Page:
Congress should allow young workers to redirect their payroll taxes to individually owned, privately invested retirement accounts.
Social Security is not only the largest American government program, it is the largest government program in the world. Roughly 40 million Americans receive Social Security benefits, and every working American pays Social Security taxes. Indeed, nearly 80 percent of Americans pay more in Social Security taxes than they pay in federal income taxes.
Social Security has long been considered politically untouchable—the “third rail of American politics.” But now a new consensus has emerged. Given Social Security's failing finances, declining rate of return, and other inequities, the American people recognize the need to dramatically restructure the nation's troubled retirement program. Polls show strong public support for transforming Social Security from its current pay-asyou-go structure to a program based on savings and investment.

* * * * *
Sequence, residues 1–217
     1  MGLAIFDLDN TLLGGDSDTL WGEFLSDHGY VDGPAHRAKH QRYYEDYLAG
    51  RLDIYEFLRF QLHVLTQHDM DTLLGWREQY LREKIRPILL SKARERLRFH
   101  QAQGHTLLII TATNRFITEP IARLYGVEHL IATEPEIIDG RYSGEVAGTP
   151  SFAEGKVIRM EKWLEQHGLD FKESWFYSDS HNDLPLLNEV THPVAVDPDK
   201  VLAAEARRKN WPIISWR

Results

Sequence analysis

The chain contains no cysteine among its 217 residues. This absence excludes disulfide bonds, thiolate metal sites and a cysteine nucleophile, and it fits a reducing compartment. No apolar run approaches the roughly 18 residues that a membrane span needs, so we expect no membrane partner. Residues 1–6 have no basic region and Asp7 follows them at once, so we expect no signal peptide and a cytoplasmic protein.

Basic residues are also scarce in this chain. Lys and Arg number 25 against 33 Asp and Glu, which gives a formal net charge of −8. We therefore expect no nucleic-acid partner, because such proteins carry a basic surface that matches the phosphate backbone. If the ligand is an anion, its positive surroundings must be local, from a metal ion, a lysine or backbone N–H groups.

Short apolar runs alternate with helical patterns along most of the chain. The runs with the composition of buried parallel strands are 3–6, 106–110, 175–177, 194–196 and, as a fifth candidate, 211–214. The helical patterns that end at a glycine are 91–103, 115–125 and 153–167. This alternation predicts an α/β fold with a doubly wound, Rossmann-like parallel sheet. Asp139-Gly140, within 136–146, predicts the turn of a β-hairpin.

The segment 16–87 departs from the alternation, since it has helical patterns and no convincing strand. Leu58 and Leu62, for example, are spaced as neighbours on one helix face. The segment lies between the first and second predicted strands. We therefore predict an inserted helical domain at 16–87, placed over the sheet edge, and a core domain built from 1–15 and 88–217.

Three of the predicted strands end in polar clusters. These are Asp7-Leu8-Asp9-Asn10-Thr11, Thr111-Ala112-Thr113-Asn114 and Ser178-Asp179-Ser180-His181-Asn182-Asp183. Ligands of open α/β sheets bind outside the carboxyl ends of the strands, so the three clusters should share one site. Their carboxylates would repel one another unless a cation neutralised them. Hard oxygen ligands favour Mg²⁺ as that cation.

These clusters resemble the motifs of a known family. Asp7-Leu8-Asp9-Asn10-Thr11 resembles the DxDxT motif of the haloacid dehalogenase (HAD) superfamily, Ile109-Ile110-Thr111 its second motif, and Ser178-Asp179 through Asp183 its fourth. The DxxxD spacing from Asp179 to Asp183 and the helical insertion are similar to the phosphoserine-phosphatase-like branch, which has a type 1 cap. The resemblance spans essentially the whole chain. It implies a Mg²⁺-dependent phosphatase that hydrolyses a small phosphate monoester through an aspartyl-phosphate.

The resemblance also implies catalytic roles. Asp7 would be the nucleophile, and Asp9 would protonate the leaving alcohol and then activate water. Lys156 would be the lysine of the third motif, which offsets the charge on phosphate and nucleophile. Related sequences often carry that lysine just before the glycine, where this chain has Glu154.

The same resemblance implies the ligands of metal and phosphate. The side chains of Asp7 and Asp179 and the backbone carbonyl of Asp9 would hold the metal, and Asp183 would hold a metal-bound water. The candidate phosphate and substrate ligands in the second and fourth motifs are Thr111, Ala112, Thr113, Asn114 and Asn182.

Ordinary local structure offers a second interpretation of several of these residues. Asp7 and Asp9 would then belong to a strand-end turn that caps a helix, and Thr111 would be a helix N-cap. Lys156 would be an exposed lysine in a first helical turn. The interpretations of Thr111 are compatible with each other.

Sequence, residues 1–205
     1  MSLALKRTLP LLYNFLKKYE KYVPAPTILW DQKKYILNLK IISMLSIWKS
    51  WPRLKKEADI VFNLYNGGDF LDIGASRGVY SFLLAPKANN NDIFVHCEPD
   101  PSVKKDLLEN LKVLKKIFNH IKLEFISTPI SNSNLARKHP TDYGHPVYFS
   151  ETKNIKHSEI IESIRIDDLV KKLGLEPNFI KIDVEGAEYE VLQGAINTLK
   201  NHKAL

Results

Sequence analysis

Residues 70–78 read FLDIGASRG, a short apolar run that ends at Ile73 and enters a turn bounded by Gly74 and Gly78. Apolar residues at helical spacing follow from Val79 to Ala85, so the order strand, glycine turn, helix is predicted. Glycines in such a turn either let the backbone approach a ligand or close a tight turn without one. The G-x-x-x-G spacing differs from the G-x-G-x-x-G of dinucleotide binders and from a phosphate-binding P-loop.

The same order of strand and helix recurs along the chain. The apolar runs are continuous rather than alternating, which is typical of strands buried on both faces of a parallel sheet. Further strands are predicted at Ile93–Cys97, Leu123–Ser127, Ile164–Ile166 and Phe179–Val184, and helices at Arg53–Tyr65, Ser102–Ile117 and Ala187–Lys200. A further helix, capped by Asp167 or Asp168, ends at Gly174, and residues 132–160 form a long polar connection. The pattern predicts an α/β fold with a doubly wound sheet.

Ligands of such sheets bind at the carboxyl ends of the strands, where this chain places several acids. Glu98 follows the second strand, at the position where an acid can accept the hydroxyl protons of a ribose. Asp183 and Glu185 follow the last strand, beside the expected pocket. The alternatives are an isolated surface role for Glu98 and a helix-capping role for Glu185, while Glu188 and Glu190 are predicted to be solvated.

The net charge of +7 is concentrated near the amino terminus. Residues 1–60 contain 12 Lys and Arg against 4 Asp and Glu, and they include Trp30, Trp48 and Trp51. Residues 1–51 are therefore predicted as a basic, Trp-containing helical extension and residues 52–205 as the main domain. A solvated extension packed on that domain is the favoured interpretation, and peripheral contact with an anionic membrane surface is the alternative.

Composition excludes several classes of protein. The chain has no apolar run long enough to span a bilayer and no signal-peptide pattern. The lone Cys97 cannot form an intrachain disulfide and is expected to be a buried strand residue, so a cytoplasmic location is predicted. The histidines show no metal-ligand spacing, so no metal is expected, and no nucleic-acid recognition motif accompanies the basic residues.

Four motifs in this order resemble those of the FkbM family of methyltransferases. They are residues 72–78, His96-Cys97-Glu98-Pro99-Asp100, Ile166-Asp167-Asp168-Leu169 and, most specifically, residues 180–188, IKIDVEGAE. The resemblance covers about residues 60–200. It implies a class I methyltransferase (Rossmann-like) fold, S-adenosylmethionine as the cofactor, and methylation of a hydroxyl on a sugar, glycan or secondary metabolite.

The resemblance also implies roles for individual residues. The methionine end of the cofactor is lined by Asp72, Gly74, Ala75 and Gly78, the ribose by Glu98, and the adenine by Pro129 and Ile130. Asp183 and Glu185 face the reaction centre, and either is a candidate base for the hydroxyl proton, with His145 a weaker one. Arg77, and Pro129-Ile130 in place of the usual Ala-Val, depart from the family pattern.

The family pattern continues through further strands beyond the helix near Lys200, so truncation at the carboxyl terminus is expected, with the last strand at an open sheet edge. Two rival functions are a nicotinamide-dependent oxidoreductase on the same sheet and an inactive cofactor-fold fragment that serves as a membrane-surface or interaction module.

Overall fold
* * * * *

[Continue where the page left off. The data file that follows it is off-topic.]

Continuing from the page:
With the public supporting Social Security reform and large budget surpluses available to help finance the transition, the 107th Congress has a unique opportunity to remake Social Security and provide future generations with a sound and secure retirement.
There are five main reasons to privatize Social Security.
Social Security is going bankrupt. The federal government's largest spending program, accounting for nearly 22 percent of all federal spending, faces irresistible demographic and fiscal pressures that threaten the future retirement security of today's young workers. According to the 2000 report